"We gained hard data on revenue growth - and the results of marketing studies show that profitability in online news is not wishful thinking any more," said Professor Rosental Alves, director of the Knight Centre for Journalism and organiser of the event, held at the University of Texas on 16 and 17 April.
"The symposium has always had a panel on business models and we have noticed a constant improvement in this area, especially in the past three years."
The recent announcement of good first quarter results by the New York Times online was quoted several times by speakers as a positive sign for the industry.
"It became obvious during the symposium that the secret of the success is 'targeting' advertising, possible thanks to the use of registration and behavioural analysis software such as Tacoda and Revenue Science."
John Granatino, vice-president of Dallas Morning News owner Belo, told the conference about their high success rate in attracting subscribers to emails that contained advertising; 1.9 million of the site's 6 million subscribers chose to receive email with commercial offers.
Delegates also discussed whether online journalism has become 'indispensable', concluding that despite the growth of online news services, most readers are still very young and many people still rely on other media as their primary source of news.
The symposium also presented papers from journalism students and researchers around the world, many of which explored the concept of participatory journalism through blogs and wikis.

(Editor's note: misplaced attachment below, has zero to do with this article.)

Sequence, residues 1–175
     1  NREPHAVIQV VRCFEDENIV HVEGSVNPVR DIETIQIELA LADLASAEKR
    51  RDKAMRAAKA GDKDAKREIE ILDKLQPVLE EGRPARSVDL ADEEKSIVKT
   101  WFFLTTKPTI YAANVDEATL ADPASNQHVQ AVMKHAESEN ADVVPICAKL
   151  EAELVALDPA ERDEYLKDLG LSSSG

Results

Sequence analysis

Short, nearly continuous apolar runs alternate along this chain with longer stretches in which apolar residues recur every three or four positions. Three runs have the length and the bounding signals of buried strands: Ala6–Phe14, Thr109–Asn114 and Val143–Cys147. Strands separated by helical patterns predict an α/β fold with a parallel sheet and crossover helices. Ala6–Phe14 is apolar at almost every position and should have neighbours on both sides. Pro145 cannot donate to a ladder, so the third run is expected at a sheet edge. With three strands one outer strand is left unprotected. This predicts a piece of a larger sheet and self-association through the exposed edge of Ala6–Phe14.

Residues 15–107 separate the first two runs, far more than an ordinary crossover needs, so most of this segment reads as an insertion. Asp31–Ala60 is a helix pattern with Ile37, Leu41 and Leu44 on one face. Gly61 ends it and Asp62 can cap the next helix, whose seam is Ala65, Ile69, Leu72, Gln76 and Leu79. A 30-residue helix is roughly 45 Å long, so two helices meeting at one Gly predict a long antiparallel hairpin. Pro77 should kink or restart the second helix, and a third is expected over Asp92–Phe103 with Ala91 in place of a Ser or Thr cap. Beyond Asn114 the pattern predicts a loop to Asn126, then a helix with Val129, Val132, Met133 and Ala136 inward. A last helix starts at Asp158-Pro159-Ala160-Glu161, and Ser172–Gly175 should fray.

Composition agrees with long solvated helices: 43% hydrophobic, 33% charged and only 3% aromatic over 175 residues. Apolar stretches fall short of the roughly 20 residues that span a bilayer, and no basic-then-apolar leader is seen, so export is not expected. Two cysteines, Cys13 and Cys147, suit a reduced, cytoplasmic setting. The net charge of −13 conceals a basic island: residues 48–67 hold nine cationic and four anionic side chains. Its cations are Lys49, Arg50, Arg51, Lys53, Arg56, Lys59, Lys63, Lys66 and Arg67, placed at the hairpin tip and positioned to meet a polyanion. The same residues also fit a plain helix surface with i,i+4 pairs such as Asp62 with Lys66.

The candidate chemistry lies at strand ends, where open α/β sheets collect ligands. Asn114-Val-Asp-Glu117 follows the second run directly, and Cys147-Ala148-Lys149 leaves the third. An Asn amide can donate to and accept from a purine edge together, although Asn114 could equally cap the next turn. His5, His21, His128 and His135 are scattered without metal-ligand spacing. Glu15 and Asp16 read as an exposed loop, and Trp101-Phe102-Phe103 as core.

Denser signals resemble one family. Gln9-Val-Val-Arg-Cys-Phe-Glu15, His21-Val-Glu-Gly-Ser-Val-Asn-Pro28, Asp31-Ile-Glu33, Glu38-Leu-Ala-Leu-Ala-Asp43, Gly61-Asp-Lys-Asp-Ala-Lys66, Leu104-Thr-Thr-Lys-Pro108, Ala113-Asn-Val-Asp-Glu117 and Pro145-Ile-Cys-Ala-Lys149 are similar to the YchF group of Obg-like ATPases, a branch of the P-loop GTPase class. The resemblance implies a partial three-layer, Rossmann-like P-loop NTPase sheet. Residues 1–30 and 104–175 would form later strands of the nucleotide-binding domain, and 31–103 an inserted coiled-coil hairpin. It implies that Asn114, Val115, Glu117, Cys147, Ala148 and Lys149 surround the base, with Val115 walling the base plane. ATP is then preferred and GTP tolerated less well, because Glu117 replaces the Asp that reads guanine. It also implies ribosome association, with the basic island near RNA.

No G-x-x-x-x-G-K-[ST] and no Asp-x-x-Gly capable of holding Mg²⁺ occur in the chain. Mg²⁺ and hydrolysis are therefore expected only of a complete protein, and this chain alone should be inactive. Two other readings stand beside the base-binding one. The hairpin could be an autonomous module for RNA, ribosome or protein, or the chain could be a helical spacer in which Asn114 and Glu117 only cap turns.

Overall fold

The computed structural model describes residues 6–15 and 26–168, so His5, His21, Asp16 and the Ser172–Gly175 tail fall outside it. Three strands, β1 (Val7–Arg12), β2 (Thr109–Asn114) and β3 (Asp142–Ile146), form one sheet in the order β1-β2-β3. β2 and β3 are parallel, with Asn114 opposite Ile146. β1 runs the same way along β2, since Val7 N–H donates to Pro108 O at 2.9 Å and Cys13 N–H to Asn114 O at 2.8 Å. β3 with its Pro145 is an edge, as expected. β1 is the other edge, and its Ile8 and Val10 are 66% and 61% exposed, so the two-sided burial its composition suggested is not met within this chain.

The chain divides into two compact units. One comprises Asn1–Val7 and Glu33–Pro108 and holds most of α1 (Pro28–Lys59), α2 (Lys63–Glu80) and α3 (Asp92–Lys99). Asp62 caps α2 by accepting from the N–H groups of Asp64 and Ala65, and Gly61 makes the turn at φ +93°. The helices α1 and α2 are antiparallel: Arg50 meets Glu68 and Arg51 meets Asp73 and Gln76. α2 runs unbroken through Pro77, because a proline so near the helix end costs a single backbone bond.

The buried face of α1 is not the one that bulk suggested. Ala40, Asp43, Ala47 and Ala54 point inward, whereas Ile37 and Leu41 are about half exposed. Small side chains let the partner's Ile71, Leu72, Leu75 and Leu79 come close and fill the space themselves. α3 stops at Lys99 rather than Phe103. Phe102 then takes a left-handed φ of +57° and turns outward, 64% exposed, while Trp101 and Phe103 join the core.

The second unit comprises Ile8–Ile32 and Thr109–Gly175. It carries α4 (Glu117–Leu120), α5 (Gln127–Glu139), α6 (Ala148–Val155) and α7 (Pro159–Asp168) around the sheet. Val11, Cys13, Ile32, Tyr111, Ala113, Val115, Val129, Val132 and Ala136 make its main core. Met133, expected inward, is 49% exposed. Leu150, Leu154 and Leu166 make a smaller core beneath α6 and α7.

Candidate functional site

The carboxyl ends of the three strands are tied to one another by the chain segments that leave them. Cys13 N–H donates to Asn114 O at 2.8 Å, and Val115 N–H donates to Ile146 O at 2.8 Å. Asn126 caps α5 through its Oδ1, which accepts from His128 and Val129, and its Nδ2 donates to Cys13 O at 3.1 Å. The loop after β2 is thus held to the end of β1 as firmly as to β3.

Taken from the Hawaiian word for fast, a wiki can be added to or edited on a normal web browser and users do not need any specific technical knowledge.
Wikipedia, an online encyclopaedia project, invites readers to add or amend information on the site. The site is an interesting example of a project with participatory journalism at its core, said speaker Andrew Lih, assistant professor at Hong Kong University.
"The evolution of this small conference has been very exciting," Professor Alves told dotJournalism.
"First the international perspective that was added last year, and now the research and academic dimension. It was the first time I have seen so many researchers and professionals in the same room, learning intensively from each other and understanding."
Free daily newsletter
- What makes readers pay for online news?
- New report highlights the online harassment faced by women in journalism, and the lack of training on how to cope
- Reuters Institute report highlights UK readers' behaviours on desktop when news breaks, and the 3 news brands that come on top
- The lock screen battle: How The New York Times, CNN and BuzzFeed News pushed the Trump-FBI story to mobile readers
- With Times Insider, The NYT is offering readers a behind-the-scenes look at the newsroom